By Per Peterson
An outside firm recently got an inside look at the former liquor store building as part of a feasibility study, and now it’s the Tracy City Council’s turn.
Following a suggestion by council member Seth Schmidt, the council on Monday decided to take themselves on a tour of the building. The tour — at 10 a.m. on Saturday — will actually qualify as an open meeting, so members of the public are invited. No decisions pertaining to the future of the building will be made; the tour is designed to give council members a feel of the building to help them decide if it’s a viable option for a new senior/community center.
“I think we all need to get a good, hard look at it,” council member Ron Koopman said.
Tracy City Administrator Erik Hansen said the tour would equate to a special city council meeting.
“It’s a tour, but essentially, we have to notice it,” he said. “Anybody can come, because it’s an open meeting.”
Council member Jeri Schons stressed the tour will not be a forum for the public to give their thoughts and opinions about the subject.
“We’ll go down, do a tour — done,” she said. “I don’t want expectations where people are upset because they go down there and now we’re not even listening to them again,” Schons said. “That’s not what this is for — it’s a tour.”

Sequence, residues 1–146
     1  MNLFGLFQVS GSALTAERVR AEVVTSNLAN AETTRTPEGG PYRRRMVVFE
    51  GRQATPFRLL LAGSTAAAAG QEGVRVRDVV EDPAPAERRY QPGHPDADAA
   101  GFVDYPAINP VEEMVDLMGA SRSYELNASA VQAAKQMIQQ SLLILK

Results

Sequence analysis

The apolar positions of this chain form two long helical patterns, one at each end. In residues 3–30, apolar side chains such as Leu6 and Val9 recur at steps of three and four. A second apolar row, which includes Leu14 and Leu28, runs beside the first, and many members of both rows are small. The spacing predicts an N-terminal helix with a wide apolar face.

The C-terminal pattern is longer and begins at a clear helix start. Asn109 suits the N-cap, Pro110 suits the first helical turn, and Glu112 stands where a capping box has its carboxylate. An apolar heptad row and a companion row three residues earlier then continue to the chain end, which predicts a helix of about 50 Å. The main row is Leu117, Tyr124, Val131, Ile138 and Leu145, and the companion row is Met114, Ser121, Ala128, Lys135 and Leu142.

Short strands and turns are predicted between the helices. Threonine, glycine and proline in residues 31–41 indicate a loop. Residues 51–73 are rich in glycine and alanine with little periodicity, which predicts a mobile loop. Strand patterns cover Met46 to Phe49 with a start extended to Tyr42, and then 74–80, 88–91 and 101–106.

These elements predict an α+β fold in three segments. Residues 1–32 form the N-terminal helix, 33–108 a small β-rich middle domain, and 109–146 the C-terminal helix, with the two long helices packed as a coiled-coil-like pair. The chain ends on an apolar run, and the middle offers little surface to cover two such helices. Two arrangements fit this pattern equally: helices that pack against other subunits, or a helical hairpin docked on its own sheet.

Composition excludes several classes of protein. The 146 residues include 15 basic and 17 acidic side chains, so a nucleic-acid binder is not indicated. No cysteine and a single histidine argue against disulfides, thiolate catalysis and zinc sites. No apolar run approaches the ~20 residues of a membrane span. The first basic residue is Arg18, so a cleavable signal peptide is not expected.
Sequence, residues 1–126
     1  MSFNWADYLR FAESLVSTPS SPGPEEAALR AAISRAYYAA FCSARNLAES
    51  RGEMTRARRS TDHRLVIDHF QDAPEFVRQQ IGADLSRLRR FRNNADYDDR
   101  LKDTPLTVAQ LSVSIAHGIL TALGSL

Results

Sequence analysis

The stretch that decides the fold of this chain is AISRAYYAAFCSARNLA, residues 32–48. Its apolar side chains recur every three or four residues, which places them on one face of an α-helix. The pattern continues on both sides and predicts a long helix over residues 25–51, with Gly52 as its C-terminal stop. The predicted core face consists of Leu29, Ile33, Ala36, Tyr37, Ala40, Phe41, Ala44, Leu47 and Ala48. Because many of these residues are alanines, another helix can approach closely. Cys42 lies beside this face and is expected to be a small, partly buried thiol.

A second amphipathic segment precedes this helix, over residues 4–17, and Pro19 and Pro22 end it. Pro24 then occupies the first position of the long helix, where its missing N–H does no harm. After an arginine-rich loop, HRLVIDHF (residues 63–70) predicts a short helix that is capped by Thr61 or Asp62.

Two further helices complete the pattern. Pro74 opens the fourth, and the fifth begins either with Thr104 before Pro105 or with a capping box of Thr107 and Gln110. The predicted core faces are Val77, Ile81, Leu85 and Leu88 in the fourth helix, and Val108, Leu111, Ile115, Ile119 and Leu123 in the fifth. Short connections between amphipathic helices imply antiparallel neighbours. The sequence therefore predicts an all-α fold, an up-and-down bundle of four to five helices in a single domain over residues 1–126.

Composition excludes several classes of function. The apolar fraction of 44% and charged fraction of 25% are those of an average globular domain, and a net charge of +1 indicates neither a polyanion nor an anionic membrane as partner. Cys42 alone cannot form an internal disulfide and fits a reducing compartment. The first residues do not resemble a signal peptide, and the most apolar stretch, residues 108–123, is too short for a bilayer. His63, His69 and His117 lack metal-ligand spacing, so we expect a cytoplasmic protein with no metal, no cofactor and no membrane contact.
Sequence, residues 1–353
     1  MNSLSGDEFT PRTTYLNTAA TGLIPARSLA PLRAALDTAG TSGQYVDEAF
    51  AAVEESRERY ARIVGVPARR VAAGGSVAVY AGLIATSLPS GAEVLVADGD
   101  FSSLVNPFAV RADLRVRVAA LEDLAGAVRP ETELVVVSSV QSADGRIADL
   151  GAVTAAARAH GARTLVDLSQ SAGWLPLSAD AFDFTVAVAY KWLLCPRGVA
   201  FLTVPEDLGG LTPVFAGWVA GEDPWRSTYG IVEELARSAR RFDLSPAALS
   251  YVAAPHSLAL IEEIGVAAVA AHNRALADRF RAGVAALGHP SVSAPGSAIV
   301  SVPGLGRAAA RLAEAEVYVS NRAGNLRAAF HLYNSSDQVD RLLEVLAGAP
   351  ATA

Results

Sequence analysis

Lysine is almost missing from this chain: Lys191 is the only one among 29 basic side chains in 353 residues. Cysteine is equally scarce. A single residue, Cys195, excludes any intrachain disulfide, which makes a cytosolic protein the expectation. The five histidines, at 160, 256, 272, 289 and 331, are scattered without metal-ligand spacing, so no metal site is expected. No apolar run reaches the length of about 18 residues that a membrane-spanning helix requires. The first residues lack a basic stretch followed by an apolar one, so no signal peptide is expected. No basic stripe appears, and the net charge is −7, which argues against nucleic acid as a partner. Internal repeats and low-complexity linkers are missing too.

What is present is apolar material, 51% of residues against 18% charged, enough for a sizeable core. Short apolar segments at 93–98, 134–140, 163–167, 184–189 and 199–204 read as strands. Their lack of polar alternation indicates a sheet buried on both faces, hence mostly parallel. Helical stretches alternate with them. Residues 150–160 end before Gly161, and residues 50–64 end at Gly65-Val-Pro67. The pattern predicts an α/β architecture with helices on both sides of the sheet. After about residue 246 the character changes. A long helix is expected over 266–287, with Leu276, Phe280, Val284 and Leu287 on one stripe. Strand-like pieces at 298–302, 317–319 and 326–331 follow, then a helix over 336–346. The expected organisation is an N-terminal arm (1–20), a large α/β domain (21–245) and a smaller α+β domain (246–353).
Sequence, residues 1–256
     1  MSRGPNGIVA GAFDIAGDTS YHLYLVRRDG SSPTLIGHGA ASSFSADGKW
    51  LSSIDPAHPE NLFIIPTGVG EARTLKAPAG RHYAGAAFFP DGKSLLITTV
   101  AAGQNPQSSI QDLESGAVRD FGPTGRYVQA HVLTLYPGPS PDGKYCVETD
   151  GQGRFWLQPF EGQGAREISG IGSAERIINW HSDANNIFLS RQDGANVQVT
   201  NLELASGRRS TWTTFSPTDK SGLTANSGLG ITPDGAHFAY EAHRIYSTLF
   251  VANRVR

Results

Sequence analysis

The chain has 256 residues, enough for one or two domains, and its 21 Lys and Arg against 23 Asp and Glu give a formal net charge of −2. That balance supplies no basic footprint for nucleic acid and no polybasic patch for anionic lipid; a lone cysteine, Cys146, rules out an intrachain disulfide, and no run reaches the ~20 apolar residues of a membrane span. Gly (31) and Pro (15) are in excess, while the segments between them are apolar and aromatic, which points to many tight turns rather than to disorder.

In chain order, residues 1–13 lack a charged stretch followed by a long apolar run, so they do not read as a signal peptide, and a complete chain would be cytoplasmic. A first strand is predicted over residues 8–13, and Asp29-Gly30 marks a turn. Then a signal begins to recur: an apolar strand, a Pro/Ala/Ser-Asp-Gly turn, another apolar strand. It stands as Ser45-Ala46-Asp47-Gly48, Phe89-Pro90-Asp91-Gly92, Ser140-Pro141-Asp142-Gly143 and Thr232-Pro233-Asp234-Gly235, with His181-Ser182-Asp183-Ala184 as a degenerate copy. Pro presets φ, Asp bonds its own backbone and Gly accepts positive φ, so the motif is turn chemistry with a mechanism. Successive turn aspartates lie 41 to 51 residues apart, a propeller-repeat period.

In related news from Monday’s meeting, the council authorized Hansen to issue an RFP (Request for Proposals) to include a full feasibility of the final two building options; community engagement on space and activity planning; and a full design of the one final building option.
The liquor store building has been targeted as the main option of standing structures to be home of a new senior/community center. The other option that will be considered for a new center is building new — either at or near the site of the liquor store building or somewhere else, possibly at the spot left vacant after the razing of the Masonic building at the intersection of 3rd and Morgan streets.
Senior resident Ken Witt once again addressed the council on the senior center issue, and said a new building would carry much more value into the future than a remodel of the liquor store would.
See this week’s Headlight Herald for more on this article.